Wednesday, January 19, 2011

Our daily bread

It's the third week of 2011 and I have stopped buying bread. Well, I do have an emergency loaf in the freezer, but I am no longer a prisoner to the over-priced and not-that-great French bakery around the corner and I can smugly avoid the bread aisle at the supermarket. I haven't gotten around to growing the sourdough starter yet (sorry Dom!), but definitely feel back in the swing of breadmaking.

These robust loaves have become our daily bread. They're quick to make, have a good crust, a nice crumb and turn into excellent toast. The recipe comes from Stephanie Alexander's The Cooks Companion, one of my most-used books for both recipe and reference purposes.

Country-style Crusty Bread
I have to thank my sister Marion for the baking paper technique described below - much easier than fluffing about with flour-covered teatowels and the like. This makes two loaves, so you have one to eat today and one to freeze.

800g unbleached strong flour
200g wholemeal strong flour
1Tbsp instant dried yeast
1Tbsp fine salt
2Tbsp olive oil
600ml lukewarm water

Put everything into the bowl of an electric mixer fitted with a dough hook and mix on low speed until you have a smooth but not sticky dough (about 8 minutes). If you don't have a mixer, prepare to knead for about 15-20 minutes.
Divide dough in half (I weigh it to be sure) and put each half into a lightly oiled bowl. Cover with tea towels and leave until doubled, about one hour.
Knock back and knead each piece for a couple of minutes, then return to bowls and let rise again for about 30 minutes, covered with tea towels again.
Gently form each piece into a loaf ("like a fat cigar," Stephanie says) and place on a liberally floured piece of baking paper. Allow to rise for 30 minutes.
Meanwhile, preheat the oven to 220C, with a heavy baking tray inside. Carefully lift the baking paper and loaves onto the hot tray and bake for about 20 minutes, then turn over and bake for another five minutes (you can remove the baking paper at this point). The base of each loaf should sound hollow when tapped. Allow to cool completely on a wire rack before cutting. Pin It


  1. I am so impressed! I am still a slave to supermarket bread. :-(

  2. those look fantastic. I'll be attempting to bake more breads soon. :)

  3. YUM! This bread looks delicious and way more achievable than many other bread recipes! I'll have to give it a go :D

  4. The breads look very rustic to me. Good that you can make your own bread.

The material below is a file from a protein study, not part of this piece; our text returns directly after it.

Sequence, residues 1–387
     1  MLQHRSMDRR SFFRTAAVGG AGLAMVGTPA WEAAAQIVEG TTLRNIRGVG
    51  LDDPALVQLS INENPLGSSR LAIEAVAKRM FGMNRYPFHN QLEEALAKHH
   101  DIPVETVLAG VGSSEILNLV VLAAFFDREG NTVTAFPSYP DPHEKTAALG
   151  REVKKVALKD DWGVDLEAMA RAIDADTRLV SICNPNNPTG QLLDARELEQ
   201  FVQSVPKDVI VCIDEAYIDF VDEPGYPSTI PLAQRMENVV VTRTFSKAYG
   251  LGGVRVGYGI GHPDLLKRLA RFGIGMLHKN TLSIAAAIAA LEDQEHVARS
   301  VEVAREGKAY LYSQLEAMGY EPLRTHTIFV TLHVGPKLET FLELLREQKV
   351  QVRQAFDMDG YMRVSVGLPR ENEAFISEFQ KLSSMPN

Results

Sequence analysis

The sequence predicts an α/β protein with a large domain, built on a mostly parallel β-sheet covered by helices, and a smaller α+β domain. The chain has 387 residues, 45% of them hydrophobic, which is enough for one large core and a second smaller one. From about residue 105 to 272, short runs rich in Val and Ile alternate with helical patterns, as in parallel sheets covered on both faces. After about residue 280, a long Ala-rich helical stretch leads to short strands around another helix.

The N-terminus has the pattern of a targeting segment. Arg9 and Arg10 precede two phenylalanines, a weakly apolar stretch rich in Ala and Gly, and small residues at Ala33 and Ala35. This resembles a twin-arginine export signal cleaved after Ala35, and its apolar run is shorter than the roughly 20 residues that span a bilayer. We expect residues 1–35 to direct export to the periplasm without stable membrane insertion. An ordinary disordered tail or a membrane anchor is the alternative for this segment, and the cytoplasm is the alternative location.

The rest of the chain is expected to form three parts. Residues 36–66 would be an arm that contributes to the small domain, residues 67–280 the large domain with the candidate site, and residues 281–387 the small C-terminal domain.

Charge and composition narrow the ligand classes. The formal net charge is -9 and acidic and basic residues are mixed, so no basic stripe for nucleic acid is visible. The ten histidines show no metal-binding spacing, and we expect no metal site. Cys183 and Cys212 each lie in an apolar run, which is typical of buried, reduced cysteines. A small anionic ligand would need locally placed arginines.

5. Looks like a truly great loaf. I love my sourdough but I do feel I've become a slave to it a little... constantly staring at me from the fridge... plus I'm feeding her regularly as I'm on a no carb January so she's not even being used. Your loaves look very good and I love the idea of turning them over for the last 5 mins... brilliant... and afterall there's nothing more smug than a home bread baker!!

  6. i agree with dom baking bread does bring about a big of smugness, i'm going to make these for sure :)

  7. These loves look lovely. We got snowed in last winter and the shops ran out of bread so we both started making bread and soon got into a nice routine. It became almost therapeutic and the house smelt lovely and homely...... somehow over the summer we stopped.....

    I made my first batch again on Monday and like you had forgotten just how easy it is....and how much better it tastes when you make your own...and the house smells great.

    Good tip about the baking paper....

  8. Whoops 'these loves' .......these loaves look lovely...

  9. I'm giving this recipe a try poste haste!

  10. Those breads look delicious!! :)
    I've been wanting to make my bread for ages and I think you and Stephanie may have just convinced me! :)

  11. Yum, looks great! I have some sourdough starter in the fridge that I must fire up - I can give you some if you like

  12. awesome looking bread, we have also been baking our own bread at home now for about 2 months (here in kiwilandia). we bake predominantly from a sour dough culture we have grown.. it is an interesting challenge :-) every few days, mix rise for a day or so .. bake .. and we get these quaint healthy heavy breads .. sometimes interspersed with fine flour yummies.. but mostly healthy loaves. it has become a lifestyle


Hello - thanks for stopping by. If this was real life I'd make you a cup of tea and open the biscuit tin, but in lieu of those things, let's have a chat anyway...